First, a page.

I’d never done a big event piece, where I started with the event, rather than the character, or the idea of it. So it required a bit more hanging out and talking to different people to really find what the story should be, as it was written. There were obviously going to be some human stories, and some important science, but it took a while to really find out what it was going to be about.
TLB: I’m curious about how you came to find Bruce Ackerman, the plumber whom you ended up structuring the story around.
CK: I was in Melbourne and I heard on the radio that there was a meeting of Marysville residents. They had to announce it on the radio because there was no way for people to get in touch with each other, because people had scattered. It was going to be the next day, at such and such a place, at such and such a time. So I got in the car and drove there, and hung out. There were already a bunch of news organisations there, because they all knew what was going on. The newspapers had many people in the area, and they were in constant communication with the various emergency services. I had no idea about any of that communication. So it turned out there were already other reporters there, and as people came out of the building after the meeting, someone came out and said “Press, you wait over there, people will come out this door or this door, people will come over if they want to talk to you, if they don’t they’ll walk that way. Please don’t go up to people who don’t want to talk to you.” Bruce came out and that’s how I met him. It was a really wonderful coincidence, because he’s an incredible person.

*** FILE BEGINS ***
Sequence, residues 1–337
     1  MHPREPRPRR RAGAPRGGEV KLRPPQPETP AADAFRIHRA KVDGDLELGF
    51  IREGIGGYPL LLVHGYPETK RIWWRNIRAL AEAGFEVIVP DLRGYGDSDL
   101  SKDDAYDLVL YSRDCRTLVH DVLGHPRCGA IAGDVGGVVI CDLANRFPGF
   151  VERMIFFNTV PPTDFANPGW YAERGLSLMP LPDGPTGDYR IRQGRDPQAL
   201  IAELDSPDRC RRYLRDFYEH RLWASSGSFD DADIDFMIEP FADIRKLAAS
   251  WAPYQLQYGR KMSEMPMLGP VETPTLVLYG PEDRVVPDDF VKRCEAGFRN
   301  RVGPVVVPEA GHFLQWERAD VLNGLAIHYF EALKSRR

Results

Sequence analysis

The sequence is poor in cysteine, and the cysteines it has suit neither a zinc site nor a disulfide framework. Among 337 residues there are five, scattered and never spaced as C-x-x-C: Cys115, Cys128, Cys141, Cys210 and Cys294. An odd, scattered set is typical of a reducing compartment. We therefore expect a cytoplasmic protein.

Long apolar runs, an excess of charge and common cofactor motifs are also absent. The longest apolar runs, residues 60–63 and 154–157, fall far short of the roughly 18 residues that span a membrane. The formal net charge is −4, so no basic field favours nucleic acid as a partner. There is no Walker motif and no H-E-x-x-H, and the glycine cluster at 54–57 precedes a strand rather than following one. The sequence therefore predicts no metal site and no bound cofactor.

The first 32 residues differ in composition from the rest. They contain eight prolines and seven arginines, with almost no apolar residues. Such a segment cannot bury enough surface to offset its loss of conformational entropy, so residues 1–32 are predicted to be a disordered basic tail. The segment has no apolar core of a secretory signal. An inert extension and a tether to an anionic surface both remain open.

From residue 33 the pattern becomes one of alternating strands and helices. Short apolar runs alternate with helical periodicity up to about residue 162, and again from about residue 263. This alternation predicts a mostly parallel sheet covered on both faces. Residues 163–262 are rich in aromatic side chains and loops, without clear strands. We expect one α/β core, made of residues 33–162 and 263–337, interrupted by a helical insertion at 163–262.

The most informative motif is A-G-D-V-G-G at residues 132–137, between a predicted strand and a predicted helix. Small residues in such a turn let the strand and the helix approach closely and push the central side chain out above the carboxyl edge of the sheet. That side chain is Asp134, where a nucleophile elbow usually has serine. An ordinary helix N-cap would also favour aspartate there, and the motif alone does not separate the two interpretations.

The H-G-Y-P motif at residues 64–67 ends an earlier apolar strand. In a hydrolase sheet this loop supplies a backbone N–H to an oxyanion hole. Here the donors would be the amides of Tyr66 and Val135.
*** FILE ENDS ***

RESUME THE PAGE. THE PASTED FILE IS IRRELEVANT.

TLB: I suppose you would have been talking to him shortly after the fires happened. There are aspects of what I assume he must have related in conversation with you – like the story of what he was doing that day, the process of stopping the spot fires around his house – that must have been incredibly emotional content to go through. I’m wondering how quickly that stuff came out in the interview process, and how you feel about asking a subject to engage in that sort of content so soon?